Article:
The family’s hometown of Kardze is now a part of China’s Sichuan Province. And the ancient monastery, destroyed and then rebuilt, today shelters about 700 monks—less than half the religious community it once housed.
These events colored the rest of Rinchen Khandro’s life.
In a 2013 interview with Tricycle magazine, she recounts how her illiterate mother one day announced: “We’ll sell my jewelry and give the children an education. That’s something nobody can take away.”
So Rinchen Khandro went on to earn a Bachelor of Arts degree at Loreto College in Darjeeling, India, and later married Tendzin Choegyal, a younger brother of Tibet’s exiled spiritual leader the Dalai Lama.
Thousands of Tibetan women silently surround the Potala Palace, the main residence of the Dalai Lama, to protest Chinese rule and repression, Lhasa, March 17, 1959. AP
Nurturing Tibetan culture and Buddhist values and teachings in her life, Rinchen Khandro has become over the years one of the most gracious yet forceful representatives of Tibet in exile, always insisting that exile is temporary and that Tibetans—wherever they live—are a community in which women have a role to play.
Referring to Tibetan hopes for an eventual return to their homeland, “we will never give up, and our [future] generations will carry it on,” she declared during an interview with a visiting Canadian journalist in 2007.
Regarding the network of Tibetan schools created by the Tibetan government in exile, she told Tricycle magazine: “[These] schools have given the Tibetans in exile their language, a sense of belonging, and a sense of identity.”
After marrying and settling in Dharamsala, India, where the Dalai Lama also lives, Rinchen Khandro was a traditional stay-at-home Tibetan woman, raising two children and taking care of her mother-in-law until her death.
But once those years were over, she thought: “Now I need to do something for the community.”
In 1984, she became one of the founding members and the first president of the Tibetan Women’s Association (TWA), a body dedicated to the empowerment of Tibetan women. The association is responsible for the training of Tibetan women as leaders in their communities all over the world.
The TWA later came to global attention in September 1995 when it staged a demonstration during the U.N.’s Fourth World Conference on Women, held in Beijing.
There, in the heart of the ruling Chinese Communist Party’s seat of power, nine brave Tibetan women marched with silk scarves tied over their mouths as symbols of repression, with tears streaming down their faces. The scarves themselves were a gift from the conference’s Chinese hosts.
Tibetans attend a protest march organised by Tibetan Women's Association to mark the 50th anniversary of the failed Tibetan uprising against the Chinese rule in 1959, in the northern Indian hill town of Dharamsala in 2009. Abhishek Madhukar | Reuters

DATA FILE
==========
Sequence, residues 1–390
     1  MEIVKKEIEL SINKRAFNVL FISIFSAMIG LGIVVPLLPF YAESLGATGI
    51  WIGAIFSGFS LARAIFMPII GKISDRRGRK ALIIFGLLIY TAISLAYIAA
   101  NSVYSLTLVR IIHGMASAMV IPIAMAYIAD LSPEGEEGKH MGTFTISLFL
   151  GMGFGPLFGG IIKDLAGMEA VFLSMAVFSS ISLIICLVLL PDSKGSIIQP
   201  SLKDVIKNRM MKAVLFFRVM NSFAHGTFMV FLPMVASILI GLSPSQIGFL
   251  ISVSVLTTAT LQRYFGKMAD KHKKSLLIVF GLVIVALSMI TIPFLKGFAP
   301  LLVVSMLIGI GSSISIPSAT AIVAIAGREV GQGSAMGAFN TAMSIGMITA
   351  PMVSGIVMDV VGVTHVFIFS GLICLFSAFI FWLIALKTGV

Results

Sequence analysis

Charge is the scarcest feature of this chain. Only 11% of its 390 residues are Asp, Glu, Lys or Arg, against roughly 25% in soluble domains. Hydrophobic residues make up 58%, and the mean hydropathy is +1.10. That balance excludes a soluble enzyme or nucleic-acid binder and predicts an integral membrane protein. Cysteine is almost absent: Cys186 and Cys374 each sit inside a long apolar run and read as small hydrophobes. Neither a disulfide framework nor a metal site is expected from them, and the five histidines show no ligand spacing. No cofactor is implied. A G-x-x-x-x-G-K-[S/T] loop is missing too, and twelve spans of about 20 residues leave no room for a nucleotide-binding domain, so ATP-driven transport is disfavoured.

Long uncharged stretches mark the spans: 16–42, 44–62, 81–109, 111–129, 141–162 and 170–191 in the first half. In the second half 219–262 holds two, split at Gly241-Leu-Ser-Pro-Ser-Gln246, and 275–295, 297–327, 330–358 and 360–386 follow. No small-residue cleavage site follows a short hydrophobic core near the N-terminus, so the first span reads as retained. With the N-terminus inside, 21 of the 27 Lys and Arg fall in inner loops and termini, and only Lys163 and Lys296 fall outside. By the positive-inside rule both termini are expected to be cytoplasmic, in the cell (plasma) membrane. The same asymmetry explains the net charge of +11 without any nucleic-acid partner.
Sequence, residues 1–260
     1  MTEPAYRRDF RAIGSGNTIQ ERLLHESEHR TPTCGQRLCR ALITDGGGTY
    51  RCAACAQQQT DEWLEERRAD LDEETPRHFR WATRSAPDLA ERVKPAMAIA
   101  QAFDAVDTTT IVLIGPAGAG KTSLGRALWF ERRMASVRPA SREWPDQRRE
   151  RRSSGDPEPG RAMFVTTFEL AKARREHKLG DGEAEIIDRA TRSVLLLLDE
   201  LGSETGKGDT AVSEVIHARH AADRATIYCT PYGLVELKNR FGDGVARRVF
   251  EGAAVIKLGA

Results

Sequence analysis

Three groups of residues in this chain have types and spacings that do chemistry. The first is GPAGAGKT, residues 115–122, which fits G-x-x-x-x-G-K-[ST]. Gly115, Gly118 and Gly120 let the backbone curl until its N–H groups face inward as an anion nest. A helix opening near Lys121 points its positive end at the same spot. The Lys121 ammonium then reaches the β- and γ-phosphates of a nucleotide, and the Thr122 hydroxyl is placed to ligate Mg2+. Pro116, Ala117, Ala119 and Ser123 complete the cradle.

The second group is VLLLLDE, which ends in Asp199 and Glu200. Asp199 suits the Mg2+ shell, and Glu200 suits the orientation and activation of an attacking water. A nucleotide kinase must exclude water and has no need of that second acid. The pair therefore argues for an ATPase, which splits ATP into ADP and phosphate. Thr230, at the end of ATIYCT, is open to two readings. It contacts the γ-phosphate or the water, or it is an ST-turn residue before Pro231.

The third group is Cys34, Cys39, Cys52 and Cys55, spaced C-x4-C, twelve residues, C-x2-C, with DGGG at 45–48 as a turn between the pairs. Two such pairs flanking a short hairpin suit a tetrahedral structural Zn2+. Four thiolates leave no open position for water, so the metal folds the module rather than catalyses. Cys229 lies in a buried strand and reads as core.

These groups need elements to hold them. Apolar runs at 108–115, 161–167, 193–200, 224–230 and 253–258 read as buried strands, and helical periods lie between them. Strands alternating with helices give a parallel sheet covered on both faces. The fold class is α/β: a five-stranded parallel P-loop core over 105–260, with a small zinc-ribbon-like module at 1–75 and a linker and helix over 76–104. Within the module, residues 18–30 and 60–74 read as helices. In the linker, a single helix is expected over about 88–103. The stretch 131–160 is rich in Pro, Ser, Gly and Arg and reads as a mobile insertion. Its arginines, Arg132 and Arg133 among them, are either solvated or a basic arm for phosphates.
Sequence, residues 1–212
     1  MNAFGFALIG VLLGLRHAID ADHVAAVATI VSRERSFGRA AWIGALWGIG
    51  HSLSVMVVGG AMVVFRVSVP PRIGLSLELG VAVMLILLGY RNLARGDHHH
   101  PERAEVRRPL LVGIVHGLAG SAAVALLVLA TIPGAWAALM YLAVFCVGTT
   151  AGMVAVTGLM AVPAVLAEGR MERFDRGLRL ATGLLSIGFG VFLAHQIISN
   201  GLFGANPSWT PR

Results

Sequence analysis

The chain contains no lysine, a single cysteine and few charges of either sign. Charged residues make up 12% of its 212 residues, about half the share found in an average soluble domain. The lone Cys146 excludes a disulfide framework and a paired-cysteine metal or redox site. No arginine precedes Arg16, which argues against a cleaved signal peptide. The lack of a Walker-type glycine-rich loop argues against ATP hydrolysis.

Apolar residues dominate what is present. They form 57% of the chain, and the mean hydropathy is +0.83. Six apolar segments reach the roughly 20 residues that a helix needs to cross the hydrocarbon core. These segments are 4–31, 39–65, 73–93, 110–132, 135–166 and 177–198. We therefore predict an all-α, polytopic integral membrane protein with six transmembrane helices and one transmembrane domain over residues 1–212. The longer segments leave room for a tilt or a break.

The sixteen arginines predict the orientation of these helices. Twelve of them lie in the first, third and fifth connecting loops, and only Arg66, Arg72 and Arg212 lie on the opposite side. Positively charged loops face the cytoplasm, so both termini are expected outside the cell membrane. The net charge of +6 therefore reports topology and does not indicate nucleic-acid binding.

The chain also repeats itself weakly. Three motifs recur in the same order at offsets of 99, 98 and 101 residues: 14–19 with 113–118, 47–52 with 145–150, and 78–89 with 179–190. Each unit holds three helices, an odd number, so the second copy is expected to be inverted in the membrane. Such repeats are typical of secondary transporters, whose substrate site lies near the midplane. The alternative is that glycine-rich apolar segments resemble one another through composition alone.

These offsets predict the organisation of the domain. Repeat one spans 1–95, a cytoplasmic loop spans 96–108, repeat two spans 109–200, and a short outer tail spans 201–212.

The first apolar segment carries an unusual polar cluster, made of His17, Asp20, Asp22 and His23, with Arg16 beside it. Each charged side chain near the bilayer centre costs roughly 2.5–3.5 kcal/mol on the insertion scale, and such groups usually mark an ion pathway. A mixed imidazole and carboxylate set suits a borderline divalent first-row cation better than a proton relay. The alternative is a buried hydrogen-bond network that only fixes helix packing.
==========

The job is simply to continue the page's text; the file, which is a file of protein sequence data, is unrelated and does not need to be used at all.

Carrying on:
In 1987, the TWA founded The Tibetan Nuns Project to focus on the well-being of the many nuns who were arriving in India from Tibet as refugees, some of whom couldn’t even write their own names.
Then, in 1994, Rinchen Khandro was elected to the cabinet of the Tibetan government in exile, where she worked to improve the situation of Tibetan refugees and raise international awareness of the Tibetan cause. Her combination of Western education and deep attachment to Buddhist values made her the perfect representative to speak in international forums.
“The voices of Tibetan people, which speak for peace everywhere, must not only be heard, but listened to,” she told the Canadian reporter. “Buddhism teaches [one] to live happily.”
She later also served as the Tibetan exile government’s Minister of Education and left a strong impression on visiting American students.
“She said, don’t cling onto things when they don’t turn out how you hoped they would. She said, let go and start fresh. It was a great interview to have at the very end of our trip,” one of those students wrote on the travel blog of the Watsonville, CA, Mount Madonna School.
Rinchen Khandro Choegyal’s tireless service was later recognized in 1997 by a U.S. State Department Women of Courage Award.
But her work was still not over.
“The voices of Tibetan people, which speak for peace everywhere, must not only be heard, but listened to.”
Over the last 27 years and still today, she dedicates her efforts to the Tibetan Nuns Project.
An institution born out of necessity when nuns fled Tibet in large numbers in the 80s, the project has blossomed into a major not-for-profit organization providing shelter and educational opportunities—previously available only to men—for five nunneries in North and South India.
Tibetan nuns traditionally were never as numerous as monks, and never had the same access to higher learning. Under Chinese rule, however, they endured an equal share of suffering.
“When the nuns arrived in India, they were ill, exhausted, traumatized, and impoverished. Many nuns had endured immense physical and emotional pain,” recalls venerable Lobsang Dechen, a nun herself and co-director of the Tibetan Nuns Project.
Today, under the careful watch of Rinchen Khandro, the project provides education, food, shelter, and health care to 700 Tibetan nuns from all Tibetan schools of Buddhism and ranging in age from pre-teen to mid-80s.
In 2013, 27 nuns sat for the first time for the Geshema degree, a doctoral degree in Buddhist studies. Their studies included all the academic challenges presented to Buddhist monks, including traditional debates about the nature of “truth.”
Following their graduation, exiled Tibetan spiritual leader the Dalai Lama urged the successful degree candidates to take up active roles as teachers. “Until now you have relied on monks to teach you, but in the future it will be very important that there are also nuns to teach nuns,” he said.